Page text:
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Are we bored with rape? I hope not. Jean Carroll's Trump allegation deserves attention.

Are we bored with rape? I hope not. Jean Carroll's Trump allegation deserves attention.'Joe Biden accused of standing too close' is apparently a way bigger story than 'Donald Trump accused of raping a public person in a public place.'



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Meghan McCain: I Assume I’ll Be ‘Raked Over the Coals’ for Doubting E. Jean Carroll’s Story

Meghan McCain: I Assume I’ll Be ‘Raked Over the Coals’ for Doubting E. Jean Carroll’s StoryMeghan McCain was a bit defensive during Monday’s broadcast of The View, telling her colleagues and the audience that she “was scared” and assumed she’d be “raked over the coals” for saying she’s not sure whether she believes E. Jean Carroll’s allegation that she was sexually assaulted by Donald Trump.Leading off the show by discussing Carroll’s claims that Trump attacked her at a department store in the mid-1990s, co-host Sunny Hostin said she found it surprising that so many people have accused the well-known writer of lying. Hostin, who was once a prosecutor, went on to note that rape is the “most underreported crime” in this country before recounting times when women told her they couldn’t go forward “because no one will believe me.”This prompted McCain to jump into the conversation, first pointing out that New York City Mayor Bill de Blasio has offered to open up an investigation into Carroll’s accusation. “She has hedged as to whether or not she wants that to happen,” McCain stated. “I think 100 percent we should open up that investigation. I think she deserves that.”Writer E. Jean Carroll: Trump Sexually Assaulted Me in a Bergdorf’s Dressing RoomThe conservative co-host went on to say she was also skeptical of Stormy Daniels’ claims towards Trump but now 100 percent believes her before bringing up actress and Harvey Weinstein accuser Asia Argento.Noting that Argento said to “believe everyone all the time and don’t ask questions” following her Weinstein allegations, McCain noted that the actress was later accused of sexually assaulting a minor. She further said that she’ll “always ask questions” because she’s a “politician’s daughter” who has been “lied to my entire life.”“Do you believe her?” Joy Behar asked McCain.“I don’t know. And it’s not—I know this probably makes me unpopular in this space, but I believe that something happened,” McCain responded. “And I believe—but she has been accusing a lot of other very prominent famous men of sexual assault, and I believe of rape, and again, it’s like I was scared to even come out here and say that, but I would prefer to be honest with the audience and I would like to open up the investigation.”As they discussed whether the statute of limitations would apply in an investigation, McCain invoked Brett Kavanaugh accuser Julie Swetnick to place more doubt on Carroll’s story, adding that the advice columnist is currently promoting a book.Hostin highlighted that the prevalence of false reporting on rape is very low, causing Behar to assert that if it “walks like a duck and talks like a duck,” clearly implying her belief that Trump could be culpable in this instance.McCain, meanwhile, once again said she figured she was going to be chastised for her opinion.“I 100 percent came out here assuming I’m going to be raked over the coals, but I would rather be honest with this audience and with all of you than sit here and lie because it’s going to make my life easier in the media,” she declared.The panel went on to bring up other famous instances of people being falsely accused, with Whoopi Goldberg specifically mentioning the Central Park Five. Trump, of course, notably called for the wrongly convicted group to be executed.Getting in one last word, McCain said she has learned to be a “lot more careful” with the way she approaches touchy subjects, promoting Hostin to respond: “I hope people realize what she’s saying is, ‘I don’t know.’”“Yes,” McCain concluded. “Thanks, Sunny.”Read more at The Daily Beast.Got a tip? Send it to The Daily Beast hereGet our top stories in your inbox every day. Sign up now!Daily Beast Membership: Beast Inside goes deeper on the stories that matter to you. Learn more.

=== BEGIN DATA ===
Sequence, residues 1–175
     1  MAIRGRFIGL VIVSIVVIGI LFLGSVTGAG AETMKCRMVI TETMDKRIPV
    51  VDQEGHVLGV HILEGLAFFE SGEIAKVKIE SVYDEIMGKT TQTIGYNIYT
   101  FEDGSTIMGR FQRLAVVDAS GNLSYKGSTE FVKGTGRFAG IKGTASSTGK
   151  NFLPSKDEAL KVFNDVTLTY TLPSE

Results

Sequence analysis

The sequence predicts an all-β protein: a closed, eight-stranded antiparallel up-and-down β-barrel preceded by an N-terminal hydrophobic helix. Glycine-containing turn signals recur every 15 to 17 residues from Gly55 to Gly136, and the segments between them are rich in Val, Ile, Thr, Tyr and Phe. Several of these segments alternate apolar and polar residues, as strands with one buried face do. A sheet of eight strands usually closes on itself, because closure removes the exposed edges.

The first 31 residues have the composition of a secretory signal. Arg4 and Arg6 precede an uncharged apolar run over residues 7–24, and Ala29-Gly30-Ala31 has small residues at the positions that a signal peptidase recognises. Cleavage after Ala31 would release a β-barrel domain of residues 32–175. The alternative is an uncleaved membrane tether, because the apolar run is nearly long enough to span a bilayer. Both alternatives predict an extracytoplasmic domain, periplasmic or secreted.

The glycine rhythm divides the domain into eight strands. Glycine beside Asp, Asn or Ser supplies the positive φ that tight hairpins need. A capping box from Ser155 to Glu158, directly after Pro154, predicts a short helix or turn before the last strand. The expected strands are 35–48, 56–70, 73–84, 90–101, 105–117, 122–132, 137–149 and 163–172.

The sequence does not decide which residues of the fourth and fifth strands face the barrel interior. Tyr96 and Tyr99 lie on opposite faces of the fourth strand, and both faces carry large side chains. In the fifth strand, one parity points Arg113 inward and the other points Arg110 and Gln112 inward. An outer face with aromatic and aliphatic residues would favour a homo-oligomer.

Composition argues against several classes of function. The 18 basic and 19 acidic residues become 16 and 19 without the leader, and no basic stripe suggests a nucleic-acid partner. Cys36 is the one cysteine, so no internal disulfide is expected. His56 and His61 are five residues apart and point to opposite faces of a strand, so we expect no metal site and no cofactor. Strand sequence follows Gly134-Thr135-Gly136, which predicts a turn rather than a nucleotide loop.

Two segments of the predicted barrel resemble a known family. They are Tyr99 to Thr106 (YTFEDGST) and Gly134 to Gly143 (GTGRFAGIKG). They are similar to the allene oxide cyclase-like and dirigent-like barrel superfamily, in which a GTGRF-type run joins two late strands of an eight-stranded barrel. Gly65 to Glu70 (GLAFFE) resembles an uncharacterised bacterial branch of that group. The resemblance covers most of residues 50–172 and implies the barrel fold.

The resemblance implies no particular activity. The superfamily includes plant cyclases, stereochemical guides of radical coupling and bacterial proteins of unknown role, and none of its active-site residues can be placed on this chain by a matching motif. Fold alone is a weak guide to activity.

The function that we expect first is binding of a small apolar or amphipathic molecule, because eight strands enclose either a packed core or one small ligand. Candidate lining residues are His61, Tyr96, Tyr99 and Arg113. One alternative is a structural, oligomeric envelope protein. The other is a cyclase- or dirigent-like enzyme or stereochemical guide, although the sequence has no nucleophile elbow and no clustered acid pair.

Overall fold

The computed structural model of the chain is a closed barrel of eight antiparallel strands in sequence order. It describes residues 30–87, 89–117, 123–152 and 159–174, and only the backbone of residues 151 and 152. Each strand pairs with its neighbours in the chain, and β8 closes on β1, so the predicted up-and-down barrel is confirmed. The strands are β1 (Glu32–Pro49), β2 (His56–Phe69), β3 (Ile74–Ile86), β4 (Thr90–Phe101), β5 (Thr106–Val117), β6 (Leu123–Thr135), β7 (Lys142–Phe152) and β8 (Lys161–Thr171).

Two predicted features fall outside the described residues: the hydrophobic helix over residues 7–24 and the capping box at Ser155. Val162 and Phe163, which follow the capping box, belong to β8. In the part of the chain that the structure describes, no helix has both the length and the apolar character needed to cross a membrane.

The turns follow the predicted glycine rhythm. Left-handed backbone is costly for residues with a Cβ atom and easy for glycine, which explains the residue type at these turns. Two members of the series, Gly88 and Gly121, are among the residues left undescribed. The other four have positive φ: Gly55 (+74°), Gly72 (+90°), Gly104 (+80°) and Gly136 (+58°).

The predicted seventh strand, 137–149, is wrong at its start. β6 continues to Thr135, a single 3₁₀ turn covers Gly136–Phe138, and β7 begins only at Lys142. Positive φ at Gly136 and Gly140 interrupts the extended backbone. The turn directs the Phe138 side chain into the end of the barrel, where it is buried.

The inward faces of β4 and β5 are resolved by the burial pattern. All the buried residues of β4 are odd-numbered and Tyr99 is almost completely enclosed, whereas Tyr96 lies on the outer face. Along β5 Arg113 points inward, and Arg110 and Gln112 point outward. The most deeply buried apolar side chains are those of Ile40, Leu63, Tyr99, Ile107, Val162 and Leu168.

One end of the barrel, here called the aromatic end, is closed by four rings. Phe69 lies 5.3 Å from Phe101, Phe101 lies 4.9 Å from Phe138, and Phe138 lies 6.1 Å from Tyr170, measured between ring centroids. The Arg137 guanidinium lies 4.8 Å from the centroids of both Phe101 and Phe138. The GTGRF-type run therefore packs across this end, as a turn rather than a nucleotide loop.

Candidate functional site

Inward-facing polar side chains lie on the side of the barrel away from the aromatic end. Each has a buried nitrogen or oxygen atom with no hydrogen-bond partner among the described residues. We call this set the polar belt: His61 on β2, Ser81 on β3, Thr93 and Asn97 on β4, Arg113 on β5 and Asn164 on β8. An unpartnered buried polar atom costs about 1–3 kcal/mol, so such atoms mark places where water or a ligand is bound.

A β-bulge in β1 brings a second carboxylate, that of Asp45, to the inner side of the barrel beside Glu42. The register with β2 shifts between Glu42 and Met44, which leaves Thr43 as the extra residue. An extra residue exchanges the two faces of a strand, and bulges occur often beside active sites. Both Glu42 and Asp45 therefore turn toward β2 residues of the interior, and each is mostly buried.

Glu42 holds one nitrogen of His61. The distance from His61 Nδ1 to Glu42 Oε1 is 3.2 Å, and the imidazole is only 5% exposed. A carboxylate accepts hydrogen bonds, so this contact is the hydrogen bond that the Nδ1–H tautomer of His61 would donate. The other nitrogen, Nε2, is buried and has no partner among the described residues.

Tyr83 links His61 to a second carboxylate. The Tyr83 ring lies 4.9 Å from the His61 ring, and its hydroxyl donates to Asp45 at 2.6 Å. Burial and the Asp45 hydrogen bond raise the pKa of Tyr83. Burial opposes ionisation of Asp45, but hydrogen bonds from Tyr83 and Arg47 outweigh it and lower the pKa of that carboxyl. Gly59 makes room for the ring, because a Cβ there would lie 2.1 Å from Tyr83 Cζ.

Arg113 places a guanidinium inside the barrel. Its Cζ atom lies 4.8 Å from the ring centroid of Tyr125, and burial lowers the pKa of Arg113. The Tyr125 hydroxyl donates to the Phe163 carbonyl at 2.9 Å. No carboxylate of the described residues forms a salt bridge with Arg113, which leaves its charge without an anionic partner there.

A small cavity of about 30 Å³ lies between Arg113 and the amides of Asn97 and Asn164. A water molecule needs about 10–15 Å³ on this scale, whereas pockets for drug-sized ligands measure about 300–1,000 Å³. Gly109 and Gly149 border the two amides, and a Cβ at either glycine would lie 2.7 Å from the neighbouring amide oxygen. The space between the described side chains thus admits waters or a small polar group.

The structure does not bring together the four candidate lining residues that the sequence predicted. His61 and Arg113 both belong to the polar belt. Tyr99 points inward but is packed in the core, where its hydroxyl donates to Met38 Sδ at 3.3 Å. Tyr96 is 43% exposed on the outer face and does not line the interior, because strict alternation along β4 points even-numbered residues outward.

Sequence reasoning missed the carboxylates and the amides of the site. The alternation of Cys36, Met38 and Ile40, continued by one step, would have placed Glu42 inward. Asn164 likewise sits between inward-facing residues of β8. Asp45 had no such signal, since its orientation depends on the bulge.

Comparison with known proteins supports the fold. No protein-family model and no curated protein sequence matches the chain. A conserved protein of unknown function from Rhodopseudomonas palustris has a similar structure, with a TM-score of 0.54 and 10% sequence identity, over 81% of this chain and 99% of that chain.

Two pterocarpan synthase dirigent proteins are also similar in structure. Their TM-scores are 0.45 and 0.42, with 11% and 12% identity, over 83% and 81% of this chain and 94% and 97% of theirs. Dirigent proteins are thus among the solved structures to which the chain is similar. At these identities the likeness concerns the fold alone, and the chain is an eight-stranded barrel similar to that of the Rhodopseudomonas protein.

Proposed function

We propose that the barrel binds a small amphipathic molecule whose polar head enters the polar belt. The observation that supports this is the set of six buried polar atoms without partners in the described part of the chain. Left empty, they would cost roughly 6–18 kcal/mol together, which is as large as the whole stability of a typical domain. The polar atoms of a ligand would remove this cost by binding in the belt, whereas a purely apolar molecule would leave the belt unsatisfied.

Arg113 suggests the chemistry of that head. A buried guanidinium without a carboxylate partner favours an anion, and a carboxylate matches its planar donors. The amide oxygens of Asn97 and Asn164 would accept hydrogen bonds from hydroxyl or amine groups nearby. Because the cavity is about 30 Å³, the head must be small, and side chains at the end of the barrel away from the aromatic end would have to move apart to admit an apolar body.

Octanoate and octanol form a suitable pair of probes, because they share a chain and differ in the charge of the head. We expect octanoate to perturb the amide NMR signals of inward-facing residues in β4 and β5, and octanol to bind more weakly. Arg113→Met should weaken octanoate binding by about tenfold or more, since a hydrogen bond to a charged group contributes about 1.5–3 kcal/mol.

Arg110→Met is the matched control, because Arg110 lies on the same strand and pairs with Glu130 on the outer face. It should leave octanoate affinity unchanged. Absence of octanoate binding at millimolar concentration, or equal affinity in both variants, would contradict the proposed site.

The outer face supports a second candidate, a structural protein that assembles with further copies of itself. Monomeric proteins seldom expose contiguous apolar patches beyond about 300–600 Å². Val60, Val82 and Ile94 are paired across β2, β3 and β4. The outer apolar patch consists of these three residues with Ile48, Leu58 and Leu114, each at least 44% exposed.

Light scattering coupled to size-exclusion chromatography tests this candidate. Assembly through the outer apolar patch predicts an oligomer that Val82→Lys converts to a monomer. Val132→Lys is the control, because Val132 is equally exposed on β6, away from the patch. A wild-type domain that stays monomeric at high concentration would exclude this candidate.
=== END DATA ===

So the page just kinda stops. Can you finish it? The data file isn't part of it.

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American Tourist Kimberly Sue Endicott and Tour Guide Jean Paul Mirenge Reportedly Found Alive in Uganda